Spirit & Flesh

Armodoxy for Today: Spirit & Flesh

Angels are flying and hovering all around us on Valentine’s day, and mostly of the chubby little cherub variety. With arrow drawn, Cupid takes aim at the heart twixt lovers. As for the other variety of angels, they’re called seraphim, they’re flying with their six wings in service to God.

We have developed quite an imagery of angels. Interestingly enough, angels are spiritual beings, that is, they do not have physical attributes. Go ahead, look it up. Angels are spiritual beings. They are the messengers of God. We ascribe physical traits to them for convenience so that we can form an idea of what a spiritual being may look like.

It is the human being, who above angels, has been gifted with both spirit and body. Often, it is the struggle between spirit and flesh that is highlighted in many religious stories, especially in the Bible. Today we will look at the power found in bringing spirit and flesh together.

Over these two days preceding Great Lent, the Armenian Church commemorates two saints, who were contemporaries, brothers in Christ, and responsible for the continuity of the Armenian Church and therefore the nation. One is St. Leon the Priest (Ghevont Yerets), and the other is St. Vartan Zoravar (the Warrior).

In the 5th Century, the Battle of Avarayr was fought between the Christian Army, under commander Vartan Mamikonian and the Perian army. This was the first time anywhere that a battle was fought for the defense of Christianity. It led to the signing of a treaty in 484 which affirmed Armenia’s right to practice Christianity. This is the single most important and significant event in Armenian history and for this reason, St. Vartan is recognized by the Church but also by the people, as a national hero.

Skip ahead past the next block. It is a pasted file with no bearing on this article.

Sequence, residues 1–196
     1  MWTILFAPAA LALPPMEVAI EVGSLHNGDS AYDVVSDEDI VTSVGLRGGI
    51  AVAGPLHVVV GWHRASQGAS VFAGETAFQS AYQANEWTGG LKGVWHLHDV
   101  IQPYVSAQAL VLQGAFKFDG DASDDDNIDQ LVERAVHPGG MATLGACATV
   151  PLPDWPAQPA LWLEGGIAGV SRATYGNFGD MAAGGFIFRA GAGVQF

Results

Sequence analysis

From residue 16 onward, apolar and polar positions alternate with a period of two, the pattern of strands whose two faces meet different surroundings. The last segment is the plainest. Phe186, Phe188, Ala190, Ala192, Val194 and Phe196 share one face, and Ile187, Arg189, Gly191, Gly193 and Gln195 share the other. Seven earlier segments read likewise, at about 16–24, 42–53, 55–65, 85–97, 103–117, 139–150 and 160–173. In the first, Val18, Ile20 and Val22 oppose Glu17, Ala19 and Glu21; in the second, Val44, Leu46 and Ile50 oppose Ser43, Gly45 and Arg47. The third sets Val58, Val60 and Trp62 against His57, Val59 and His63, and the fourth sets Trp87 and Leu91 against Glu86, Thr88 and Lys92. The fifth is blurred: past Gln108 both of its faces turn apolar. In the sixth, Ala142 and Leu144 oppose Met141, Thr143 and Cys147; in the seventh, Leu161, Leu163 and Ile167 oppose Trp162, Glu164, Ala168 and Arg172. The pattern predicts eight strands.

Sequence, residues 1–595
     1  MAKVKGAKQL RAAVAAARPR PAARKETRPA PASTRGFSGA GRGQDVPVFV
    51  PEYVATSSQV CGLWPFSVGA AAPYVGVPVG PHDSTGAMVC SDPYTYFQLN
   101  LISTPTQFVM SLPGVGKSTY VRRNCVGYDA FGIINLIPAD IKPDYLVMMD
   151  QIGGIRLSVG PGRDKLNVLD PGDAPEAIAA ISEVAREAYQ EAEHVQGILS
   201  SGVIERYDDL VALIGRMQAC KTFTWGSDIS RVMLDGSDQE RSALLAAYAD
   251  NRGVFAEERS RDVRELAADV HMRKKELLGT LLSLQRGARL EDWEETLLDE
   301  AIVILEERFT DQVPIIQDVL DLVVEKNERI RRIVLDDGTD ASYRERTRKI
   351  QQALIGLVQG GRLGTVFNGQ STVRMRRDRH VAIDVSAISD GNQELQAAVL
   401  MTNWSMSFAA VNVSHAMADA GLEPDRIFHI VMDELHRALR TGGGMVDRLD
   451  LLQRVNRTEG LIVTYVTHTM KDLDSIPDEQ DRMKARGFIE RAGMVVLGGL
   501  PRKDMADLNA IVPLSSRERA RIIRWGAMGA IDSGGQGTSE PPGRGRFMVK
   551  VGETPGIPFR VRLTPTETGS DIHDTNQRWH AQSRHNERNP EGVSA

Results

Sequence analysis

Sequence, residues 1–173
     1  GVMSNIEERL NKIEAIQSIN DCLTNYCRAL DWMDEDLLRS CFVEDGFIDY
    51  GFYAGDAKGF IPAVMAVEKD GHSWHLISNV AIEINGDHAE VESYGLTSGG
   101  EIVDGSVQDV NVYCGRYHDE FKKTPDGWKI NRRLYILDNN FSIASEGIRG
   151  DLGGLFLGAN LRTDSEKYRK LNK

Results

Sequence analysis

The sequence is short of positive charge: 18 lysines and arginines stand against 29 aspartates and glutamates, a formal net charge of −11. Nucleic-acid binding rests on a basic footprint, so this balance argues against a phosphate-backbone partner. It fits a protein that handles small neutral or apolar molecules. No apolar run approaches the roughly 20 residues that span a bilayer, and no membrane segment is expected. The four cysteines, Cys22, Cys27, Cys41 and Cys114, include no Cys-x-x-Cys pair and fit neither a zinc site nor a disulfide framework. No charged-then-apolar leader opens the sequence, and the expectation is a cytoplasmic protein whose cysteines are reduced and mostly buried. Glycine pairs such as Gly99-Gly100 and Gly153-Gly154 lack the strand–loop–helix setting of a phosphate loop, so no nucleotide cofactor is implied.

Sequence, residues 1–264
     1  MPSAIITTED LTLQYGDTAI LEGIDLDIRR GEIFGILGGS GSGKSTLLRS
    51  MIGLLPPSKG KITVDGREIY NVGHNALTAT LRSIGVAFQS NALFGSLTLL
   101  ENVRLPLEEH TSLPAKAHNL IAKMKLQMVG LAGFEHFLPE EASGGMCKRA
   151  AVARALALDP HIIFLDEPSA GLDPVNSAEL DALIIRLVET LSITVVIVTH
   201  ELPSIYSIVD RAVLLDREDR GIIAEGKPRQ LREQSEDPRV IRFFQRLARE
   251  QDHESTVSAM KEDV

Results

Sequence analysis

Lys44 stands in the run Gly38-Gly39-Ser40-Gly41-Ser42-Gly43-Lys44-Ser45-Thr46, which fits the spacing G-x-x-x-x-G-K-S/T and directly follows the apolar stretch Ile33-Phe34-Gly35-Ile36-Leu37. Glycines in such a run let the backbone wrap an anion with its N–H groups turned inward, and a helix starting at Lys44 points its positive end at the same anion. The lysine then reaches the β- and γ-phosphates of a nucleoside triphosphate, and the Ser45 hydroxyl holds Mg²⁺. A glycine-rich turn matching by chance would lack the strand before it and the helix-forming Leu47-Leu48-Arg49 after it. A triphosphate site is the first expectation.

His friend and priest, St. Leon, is often forgotten, though his impact on the Battle and thus the victory, is recognized by all historians, as essential. The Church recognizes the two over the course of this week, and emphasizes the importance of spiritual practices combined with physical prowess to overcome the worst of difficulties. More specifically, for us, we pray to God, but in the end, it is on our physical strength that we count on to stand or walk, to reach out or voice ourselves. In our daily struggles, the example of St. Leon and St. Vartan teach us how to balance the spirit and the flesh to achieve our goals. This then, becomes a prelude to the Lenten Season.

Tomorrow we will look closer at St. Vartan.

One of the more recent manifestations of the Divine presence in our lives was in 1968 when the Cathedral (the headquarters of the Diocese) in New York was consecrated in the name of St. Vartan. Forty-two years later, when the Cathedral in Los Angeles was to be consecrated a philanthropist came forward and asked that it be consecrated using his father’s name, which happened to be Leon, and so it was in 2010. Some may call this coincidence. Others, like me, want to believe it is God’s special messenger letting us know, the Armenian Church in America, is protected from coast to coast by St. Leon and St. Vartan, as they have for centuries.

Let us pray, “Lord, our God, through the intercession, memory and prayers St. Leon and St. Vartan, who lived and died for Jesus and the Fatherland and whom we commemorate today, grant us the gift of peace and of your great mercy. Amen.”

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